Exploring the discovery of the Dwarf Planet “The Goblin”

by Justin Davenport

The Carnegie Institution for Science and the International Astronomical Union’s Minor Planet Center has announced the discovery of dwarf planet 2015, the world with an extremely distant aphelion (farthest point in orbit) from the Sun, an object approximately 300 kilometers (186 miles) in diameter.

2015 TG387 takes 40,000 years to orbit the Sun and has a highly elongated orbit that takes it no closer than 65 astronomical units (AU) to the Sun, and the same orbit takes 2015 TG387 as far out as 2300 AU (or 213.8 billion miles) from the Sun.

For comparison, Earth orbits 1 AU (93 million miles) from the Sun, and Pluto is currently at 38 AU from the Sun.

Ultima Thule, the Kuiper Belt Object that the New Horizons spacecraft will fly past on January 1, 2019, is 43 AU from the Sun now.

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The object with the farthest aphelion from the Sun, 2014 FE72, orbits from 36 AU at perihelion (closest point in orbit) up to approximately 3000 AU from the Sun.

2015 TG387, also known as “The Goblin” for its month of discovery and TG designation, was first sighted in October 2015 by a team engaged in an ongoing effort to search for dwarf planets and Planet X.

This team, led by Scott Sheppard from Carnegie, Chad Trujillo from Northern Arizona University, and David Tholen from the University of Hawaii, first detected 2015 TG387 at a distance of 80 AU from the Sun using the Subaru 8-meter (26 foot) telescope at Mauna Kea, Hawaii.

After initial sighting, follow-up observations of the object, shining at a dim 24th magnitude, were made from 2015-2018 at telescopes at the Las Campanas Observatory, Chile and the Discovery Channel Telescope in Happy Jack, Arizona in order to precisely measure the object’s orbit.

2015 TG387’s orbit is observed to be similar to other dwarf planets such as Sedna and 2012 VP113, which also are extremely elliptical. 2012 VP113 was discovered by Dr. Sheppard’s team and has a perihelion of 80 AU and an aphelion of 438 AU, while Sedna has a perihelion of 76 AU and an aphelion of 936 AU.

All three of these worlds are considered “low bias” as they were discovered by uniform surveys of the northern and southern skies rather than through targeted surveys covering a particular region of sky, and these worlds have elongated parts of their orbits clustering in the same part of the sky (a similar longitude of perihelion).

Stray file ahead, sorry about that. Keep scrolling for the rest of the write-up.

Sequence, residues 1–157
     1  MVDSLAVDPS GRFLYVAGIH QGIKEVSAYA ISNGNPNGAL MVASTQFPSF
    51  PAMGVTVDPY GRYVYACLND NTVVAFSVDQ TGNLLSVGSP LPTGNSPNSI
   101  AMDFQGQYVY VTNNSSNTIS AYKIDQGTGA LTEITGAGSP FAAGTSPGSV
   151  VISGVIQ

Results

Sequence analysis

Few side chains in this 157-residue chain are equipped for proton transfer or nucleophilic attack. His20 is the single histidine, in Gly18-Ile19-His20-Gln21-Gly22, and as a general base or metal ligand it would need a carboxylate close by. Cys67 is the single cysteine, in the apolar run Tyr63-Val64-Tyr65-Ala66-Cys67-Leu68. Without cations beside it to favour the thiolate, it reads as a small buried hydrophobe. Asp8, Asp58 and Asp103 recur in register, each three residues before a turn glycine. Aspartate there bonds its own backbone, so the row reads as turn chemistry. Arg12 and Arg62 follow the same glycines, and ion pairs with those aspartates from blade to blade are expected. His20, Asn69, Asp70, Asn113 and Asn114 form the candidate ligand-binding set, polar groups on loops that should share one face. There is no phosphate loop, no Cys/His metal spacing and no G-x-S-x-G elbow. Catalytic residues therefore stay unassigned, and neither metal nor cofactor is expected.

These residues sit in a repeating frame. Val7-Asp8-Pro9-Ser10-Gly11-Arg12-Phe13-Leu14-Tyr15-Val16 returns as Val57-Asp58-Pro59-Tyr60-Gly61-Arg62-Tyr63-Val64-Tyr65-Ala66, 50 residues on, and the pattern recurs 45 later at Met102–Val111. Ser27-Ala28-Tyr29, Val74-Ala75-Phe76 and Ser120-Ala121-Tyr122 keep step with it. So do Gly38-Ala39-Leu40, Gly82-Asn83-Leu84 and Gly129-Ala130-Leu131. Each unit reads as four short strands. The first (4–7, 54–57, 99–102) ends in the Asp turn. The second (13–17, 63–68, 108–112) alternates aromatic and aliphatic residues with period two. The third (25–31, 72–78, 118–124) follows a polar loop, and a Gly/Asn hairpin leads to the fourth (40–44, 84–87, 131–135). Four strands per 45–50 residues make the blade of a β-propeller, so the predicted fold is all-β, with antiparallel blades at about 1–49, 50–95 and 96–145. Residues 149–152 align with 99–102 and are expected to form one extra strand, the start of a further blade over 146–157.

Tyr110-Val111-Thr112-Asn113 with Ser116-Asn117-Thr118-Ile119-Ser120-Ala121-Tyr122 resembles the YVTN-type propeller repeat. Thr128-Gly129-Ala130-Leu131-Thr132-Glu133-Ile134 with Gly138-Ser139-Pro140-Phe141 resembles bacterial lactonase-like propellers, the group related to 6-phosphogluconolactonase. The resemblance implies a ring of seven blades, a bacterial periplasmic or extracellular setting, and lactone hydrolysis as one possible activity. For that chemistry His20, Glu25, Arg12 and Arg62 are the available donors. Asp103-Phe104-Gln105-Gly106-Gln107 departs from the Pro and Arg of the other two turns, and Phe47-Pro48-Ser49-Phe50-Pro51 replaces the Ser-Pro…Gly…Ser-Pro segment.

This can be an indicator of a larger object further out, such as “Planet 9/Planet X” shepherding these bodies, though the discovery paper cautions that more discoveries of “low bias” objects are needed to confirm that this clustering is not random.

Dr. Sheppard’s team ran computer simulations showing that 2015 TG387’s orbit was stable throughout the life of the solar system and that there was shepherding by the unseen object similar to that found in other bodies.

The team believes that this strengthens the case for the hypothesized “Planet X”, and Dr. Sheppard believes there is an 85% chance that “Planet X”, a “super-Earth” world believed to be approximately 10 earth masses orbiting between 200-700 AU from the Sun, is real.

As for 2015 TG387 itself, its estimated size of 300 kilometers is based on assuming a moderate albedo (reflectivity of light) and although it’s believed to be spherical we don’t even know what color it is yet, and no spectroscopy has yet been taken, so there’s further opportunity for study of “The Goblin” while it is near its perihelion to the Sun.

Once “The Goblin” goes much further out it will be impossible to see with present-day technology, and this limitation would also apply to most of the 2 million objects over 40 kilometers (25 miles) believed to be in that part of the sky, called the Inner Oort Cloud. “The Goblin” is a very appropriate nickname for 2015 TG387, as it makes its home in a dark, remote part of the Solar System, though a formal name may be chosen for it at a later date.

It is very fortunate that objects like “The Goblin” are close enough now to discover them. Studying objects like “The Goblin”, which do not get close enough to interact with the large known planets of the Solar System, will help us to better understand what happens on the fringes of our Solar System.

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